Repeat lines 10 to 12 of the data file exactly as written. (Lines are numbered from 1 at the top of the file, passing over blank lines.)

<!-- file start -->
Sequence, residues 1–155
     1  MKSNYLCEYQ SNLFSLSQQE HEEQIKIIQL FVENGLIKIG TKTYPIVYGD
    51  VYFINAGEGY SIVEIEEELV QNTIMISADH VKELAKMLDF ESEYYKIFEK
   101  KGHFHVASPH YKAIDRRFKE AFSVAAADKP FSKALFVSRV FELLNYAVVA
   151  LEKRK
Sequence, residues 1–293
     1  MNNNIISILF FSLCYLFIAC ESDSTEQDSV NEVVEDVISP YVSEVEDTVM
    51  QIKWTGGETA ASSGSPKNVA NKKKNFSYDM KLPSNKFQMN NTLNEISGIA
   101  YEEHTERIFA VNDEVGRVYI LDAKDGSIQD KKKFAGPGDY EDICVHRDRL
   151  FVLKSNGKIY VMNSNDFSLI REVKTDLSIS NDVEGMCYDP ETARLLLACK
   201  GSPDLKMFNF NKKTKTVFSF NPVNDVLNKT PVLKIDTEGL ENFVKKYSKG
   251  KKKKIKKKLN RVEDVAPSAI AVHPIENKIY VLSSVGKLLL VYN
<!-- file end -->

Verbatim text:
   151  FVLKSNGKIY VMNSNDFSLI REVKTDLSIS NDVEGMCYDP ETARLLLACK
   201  GSPDLKMFNF NKKTKTVFSF NPVNDVLNKT PVLKIDTEGL ENFVKKYSKG
   251  KKKKIKKKLN RVEDVAPSAI AVHPIENKIY VLSSVGKLLL VYN